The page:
The first thing that comes to mind is an episode from my recent trip. While driving through the wilds of southern Illinois, I was listening to a podcast featuring an interview with Michael Chiklis. While I’m not particularly a fan of his, I was interested enough to listen to the program. I didn’t watch either “The Commish” or “The Shield” (though I always heard good things about the latter), and my only real exposure to him was through his portrayals of Curly Howard (in a TV biopic of The Three Stooges) and Ben Grimm (in the dismal “Fantastic Four” movies). He’s one of those actors whom I’ve found likeable enough, but who never really made an impression on me.

From the interview (and Wikipedia), I learned he has (surprisingly to me) classical training, having gone to Boston University, but overall, he came off as something of a blowhard and goofball, but in an innocuous way – sort of a “Hey, I’m an LA actor who had a notable TV series” vibe.

I could have left it there, but the interviewer asked him about Shakespeare, and Mr. Chiklis launched into a combination condemnation of Shakespeare and defense of Edward DeVere, the 17th Earl of Oxford, that had steam coming out of my ears. I was literally yelling at and arguing with a two-year-old interview playing on my iPhone

Let me state here my firm status as a Stratfordian. It’s not even a belief. I’ve studied the Shakespeare “authorship” question to a great degree, and there’s not a shred, not a smidgen, not an atom of evidence that anyone but William Shakespeare of Stratford-upon-Avon wrote those plays. Not to name call – oh, hell, let me go ahead and name-call: anyone who believes that Oxford, or Bacon, or Marlowe, or Queen Elizabeth – or anyone else – wrote the plays is an ill-informed idiot (though, mind you, I’m not eliminating Shakespeare collaborating with other writers; there’s plenty of evidence for that).

I have no idea why these people so piss me off. It’s not an anti-elitist thing; I’m certainly an elitist in a lot of things. But there’s something about this topic that just pushes my buttons. In a way, it’s kind of how I feel about the Kennedy assassination, although in that case, I’d be willing to listen to conspiracy theories, even if they all fall apart of their own weight. On matters such as these, I side with Occam’s Razor and believe the simplest theory is the right one.

The takeaway from all of this is, if you really want to get my goat, try to bait me on Oxford vs. Shakespeare; I’ll bite every time.

Moving on.

In trying to come up with a topic for today, I asked my long-suffering wife if she had any ideas. She mentioned she’d seen a Facebook post that took a Minneapolis reviewer to task for alleged racism. Personally, I found the review poorly reasoned and written, but far from racist.

My feelings about reviews and reviewers have been expressed here before; basically, I don’t have a lot of use for them. But this case proved interesting to me. The review is of a production of Moliere’s “The Imaginary Invalid.” While the reviewer (I refuse to call him a critic) seems not to understand Moliere’s dramaturgy and style, he begins by criticizing the director’s “highly questionable choices, one being the use of colorblind casting.” A phrase like that can easily act as a red flag to some readers, but beyond objecting to Asian, Latino, and African American actors playing French characters, he doesn’t go into a lot of detail. It seems he’s mostly puzzled why the director would cast actors of color while the Theatre avoids producing plays by writers of color. (though, admittedly, there is a tone of “people should only do shows wherein they’re cast ethnically appropriately”).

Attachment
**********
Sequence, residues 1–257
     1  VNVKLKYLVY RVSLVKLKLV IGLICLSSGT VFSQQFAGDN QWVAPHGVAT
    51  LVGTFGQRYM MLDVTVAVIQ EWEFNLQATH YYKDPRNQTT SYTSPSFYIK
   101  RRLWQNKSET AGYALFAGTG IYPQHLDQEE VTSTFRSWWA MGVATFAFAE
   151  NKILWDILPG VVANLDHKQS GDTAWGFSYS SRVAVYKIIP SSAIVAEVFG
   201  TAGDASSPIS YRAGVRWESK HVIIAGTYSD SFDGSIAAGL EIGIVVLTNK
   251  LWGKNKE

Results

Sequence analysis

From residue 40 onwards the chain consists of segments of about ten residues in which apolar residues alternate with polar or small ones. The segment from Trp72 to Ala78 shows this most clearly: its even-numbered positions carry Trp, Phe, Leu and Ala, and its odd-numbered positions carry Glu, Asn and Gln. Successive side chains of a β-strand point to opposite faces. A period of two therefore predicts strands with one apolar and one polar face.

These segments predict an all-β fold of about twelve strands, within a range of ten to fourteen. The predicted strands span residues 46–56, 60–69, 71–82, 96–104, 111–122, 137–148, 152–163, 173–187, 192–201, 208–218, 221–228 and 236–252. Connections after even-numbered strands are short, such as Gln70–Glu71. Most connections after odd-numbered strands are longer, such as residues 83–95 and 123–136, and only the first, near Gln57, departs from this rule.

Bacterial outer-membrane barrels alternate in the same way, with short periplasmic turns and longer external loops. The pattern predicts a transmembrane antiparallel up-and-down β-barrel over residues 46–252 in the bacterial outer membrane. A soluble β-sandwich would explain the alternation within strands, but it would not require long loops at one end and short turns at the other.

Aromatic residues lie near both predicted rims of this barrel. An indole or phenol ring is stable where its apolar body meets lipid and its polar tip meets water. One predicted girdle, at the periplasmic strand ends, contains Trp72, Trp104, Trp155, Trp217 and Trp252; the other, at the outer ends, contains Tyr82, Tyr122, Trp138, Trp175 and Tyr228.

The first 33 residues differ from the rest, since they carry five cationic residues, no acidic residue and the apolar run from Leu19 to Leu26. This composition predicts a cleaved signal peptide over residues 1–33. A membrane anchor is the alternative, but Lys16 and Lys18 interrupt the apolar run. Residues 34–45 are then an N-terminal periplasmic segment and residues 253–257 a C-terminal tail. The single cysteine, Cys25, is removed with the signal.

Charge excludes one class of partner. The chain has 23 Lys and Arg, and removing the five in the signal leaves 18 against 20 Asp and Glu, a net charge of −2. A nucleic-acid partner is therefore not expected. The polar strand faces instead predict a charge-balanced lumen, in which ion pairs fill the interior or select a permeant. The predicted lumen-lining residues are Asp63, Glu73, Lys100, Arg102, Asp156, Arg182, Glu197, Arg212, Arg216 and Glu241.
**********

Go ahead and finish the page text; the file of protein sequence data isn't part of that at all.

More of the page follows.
I have to admit that I’m torn on some cross-cultural casting. When I direct, I try to do it and have indeed done so more than once. I do have trouble wrapping my brain around casting family units of different ethnicities – and let me speedily add that it’s not a matter of having a problem with interracial relationships; I’m thinking of, say, a “Glass Menagerie” with an Asian American Amanda and a white Tom and Laura, or a “Long Day’s Journey” with a white James, a Latina Mary, and African Americans as Jamie and Edmond. I fully admit that the “problem” is my own; if I can accept that any actor is pretending to be someone up on that stage in the first place, I should be able to blind myself to differences in race. I mean, I’m able to see beyond something like an Irish American actor playing a Swede or a Canadian, so why not stretch my own limitations?

And let me hasten to add again, that this prejudice really only applies itself mostly to “realistic” plays or productions. If I see a farce or a deconstruction or something epic (such as Peter Brook’s “Mahabharata”) with an interracial family (whose ethnic differences are incidental to the plot), I have no problem with it – nor do I have a “problem” with cross-casting in general. One of the best things I’ve ever seen at ACT was their production of “Tartuffe” with an almost-exclusively African American cast, and I’ve seen a few productions of Chekhov that used multi-racial casts.

I realize that, in bringing this issue up – let alone admitting to my own limitations – I may be opening a can of worms and opening myself to criticism, but I don’t think I’m alone, and I think it’s a topic worth discussing (or I wouldn’t have spent a few hundred words on it) – though I’d hope it would be an open discussion, without either side shutting down the other for misunderstanding.

Maybe it’s my age, maybe it’s my background, maybe it’s my cultural “training.” Whatever it is, though, I’m ready to be educated and enlightened.